Similarly, if you’re feeling inspired but don’t know what to do with it, you could play around with the inspiration, maybe do some design work, do a few pages in a sketchbook, write out your thoughts – and an idea will occur to you. It can definitely work both ways.

This is what I will (eventually) do with the moss**: I’ll think about the colours, as that’s what struck me first, and then I might dig out some velvets and experiment with the textures. I’m not sure yet, and I definitely have no idea for what it will lead to. But it doesn’t matter at this point. I just need to trust the process.

Inspiration exists, but it has to find you working.

Pablo Picasso

The ancient Greeks believed that inspiration came from the muses, the inspirational goddesses of literature, science and the arts. They were considered the source of the knowledge embodied in the poetry, lyric songs, and myths related orally in Greek culture. The word itself is from the Latin “inspirare” meaning “to breathe into” and that’s definitely what it feels like to me – a feeling of excitement, and interest, that can come upon me out of the blue. 

And finally, even if you’re inspired and you’ve got an idea…it doesn’t always mean something will happen even then! Again, and this is in experience, I’ve always needed the motivation to get started. This could be an impending deadline for a course or an exhibition, or it could be something as simple as realising that I had nothing to post on social media, so I’d better crack on!

I’m currently working on a little project that I was inspired to make about 18 months ago, after reading an article in a magazine. I loved the thought, the concept, of collecting favourite fabrics together in a delicious bundle or book, but didn’t want to copy the idea in the article. The theme inspired me, but not the exact idea.

I started noodling about with fabric, but had no idea where it was going, until the other weekend when I was playing with sketchbook covers. Suddenly, I had an idea – I put two and two together, but still nothing happened…until yesterday, when I finally had the third piece in the puzzle: the motivation of a (perceived) expectation that I should really post something creative on Instagram!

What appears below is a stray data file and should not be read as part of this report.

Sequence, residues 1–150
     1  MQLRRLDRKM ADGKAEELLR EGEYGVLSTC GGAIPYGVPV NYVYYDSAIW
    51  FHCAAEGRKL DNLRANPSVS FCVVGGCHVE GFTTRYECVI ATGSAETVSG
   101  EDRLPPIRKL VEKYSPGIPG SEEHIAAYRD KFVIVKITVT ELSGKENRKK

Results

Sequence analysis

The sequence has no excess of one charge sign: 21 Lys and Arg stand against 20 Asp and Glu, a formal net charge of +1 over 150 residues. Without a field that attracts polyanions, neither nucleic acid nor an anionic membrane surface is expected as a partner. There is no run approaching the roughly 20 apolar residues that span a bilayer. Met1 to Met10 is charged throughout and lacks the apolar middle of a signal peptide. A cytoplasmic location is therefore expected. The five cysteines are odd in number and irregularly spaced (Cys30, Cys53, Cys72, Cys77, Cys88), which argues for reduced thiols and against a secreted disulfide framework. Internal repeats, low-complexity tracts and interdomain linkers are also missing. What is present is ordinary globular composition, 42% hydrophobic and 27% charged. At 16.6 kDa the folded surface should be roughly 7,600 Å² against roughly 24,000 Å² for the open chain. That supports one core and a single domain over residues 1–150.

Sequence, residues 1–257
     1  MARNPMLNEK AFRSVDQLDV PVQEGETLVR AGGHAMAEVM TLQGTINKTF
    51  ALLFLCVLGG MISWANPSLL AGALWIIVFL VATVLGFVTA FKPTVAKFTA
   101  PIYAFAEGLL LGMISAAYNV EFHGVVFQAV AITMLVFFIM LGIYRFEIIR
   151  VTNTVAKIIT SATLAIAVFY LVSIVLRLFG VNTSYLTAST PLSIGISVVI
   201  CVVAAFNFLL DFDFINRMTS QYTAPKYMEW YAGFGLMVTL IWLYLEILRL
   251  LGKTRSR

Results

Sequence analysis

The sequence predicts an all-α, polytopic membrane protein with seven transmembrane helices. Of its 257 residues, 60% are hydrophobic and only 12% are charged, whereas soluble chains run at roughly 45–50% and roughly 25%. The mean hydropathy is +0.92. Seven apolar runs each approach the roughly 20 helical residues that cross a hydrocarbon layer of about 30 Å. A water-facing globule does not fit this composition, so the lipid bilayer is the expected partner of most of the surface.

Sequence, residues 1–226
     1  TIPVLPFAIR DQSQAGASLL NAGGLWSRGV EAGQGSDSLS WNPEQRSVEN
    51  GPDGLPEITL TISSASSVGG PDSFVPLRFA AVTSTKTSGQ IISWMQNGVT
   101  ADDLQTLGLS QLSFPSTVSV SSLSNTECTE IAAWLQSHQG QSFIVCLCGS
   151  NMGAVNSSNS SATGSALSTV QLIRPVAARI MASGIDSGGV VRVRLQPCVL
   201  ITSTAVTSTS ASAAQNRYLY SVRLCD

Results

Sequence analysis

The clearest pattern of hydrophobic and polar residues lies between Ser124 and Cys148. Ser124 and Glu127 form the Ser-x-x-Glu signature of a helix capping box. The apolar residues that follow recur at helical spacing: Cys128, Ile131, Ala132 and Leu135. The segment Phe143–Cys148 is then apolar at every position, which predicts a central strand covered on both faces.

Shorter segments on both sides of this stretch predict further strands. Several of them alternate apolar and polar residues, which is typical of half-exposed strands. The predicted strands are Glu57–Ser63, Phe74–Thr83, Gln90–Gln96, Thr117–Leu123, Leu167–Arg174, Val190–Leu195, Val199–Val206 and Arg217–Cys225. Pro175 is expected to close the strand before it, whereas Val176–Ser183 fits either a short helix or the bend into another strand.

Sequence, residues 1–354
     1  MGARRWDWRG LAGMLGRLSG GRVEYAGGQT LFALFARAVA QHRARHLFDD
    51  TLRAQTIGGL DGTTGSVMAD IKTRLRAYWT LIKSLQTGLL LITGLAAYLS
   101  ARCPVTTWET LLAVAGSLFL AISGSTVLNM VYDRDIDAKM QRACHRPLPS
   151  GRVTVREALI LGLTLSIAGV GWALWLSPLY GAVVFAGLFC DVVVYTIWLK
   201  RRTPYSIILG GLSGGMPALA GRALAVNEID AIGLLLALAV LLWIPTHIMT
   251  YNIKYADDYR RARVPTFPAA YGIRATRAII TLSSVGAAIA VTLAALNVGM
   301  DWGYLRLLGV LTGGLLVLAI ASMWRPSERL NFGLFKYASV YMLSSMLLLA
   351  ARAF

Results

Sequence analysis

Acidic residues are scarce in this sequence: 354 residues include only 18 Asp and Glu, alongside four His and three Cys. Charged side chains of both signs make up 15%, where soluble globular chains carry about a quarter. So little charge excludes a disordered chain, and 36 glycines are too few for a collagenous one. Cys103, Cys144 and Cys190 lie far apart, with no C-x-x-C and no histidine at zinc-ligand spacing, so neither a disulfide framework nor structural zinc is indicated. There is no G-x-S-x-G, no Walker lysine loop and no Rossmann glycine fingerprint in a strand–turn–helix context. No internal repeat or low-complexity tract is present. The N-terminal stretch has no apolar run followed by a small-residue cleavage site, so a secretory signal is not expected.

*I’m not alone in my cruelty to houseplants: Gina is too, all the gory details revealed in this week’s podcast!

** I don’t think I blogged about my moss inspiration, but scroll back through my Instagram posts to June, or look in the “inspirations” collection of stories and you might find something!

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4 Thoughts to “Ideas and Inspiration”

  1. Rachel says:

    You are absolutely right; ideas aren’t enough, opportunity isn’t enough, inspiration isn’t enough – but sometimes they can be coaxed to come together if you play idly with a few scraps. And then beware the storm-surge of creativity that has you gasping as you try to keep up!

    1. Isobel says:

      Absolutely spot on! The key really is the thing I need to work on most: showing up, and just getting on with something even if I’m not feeling it.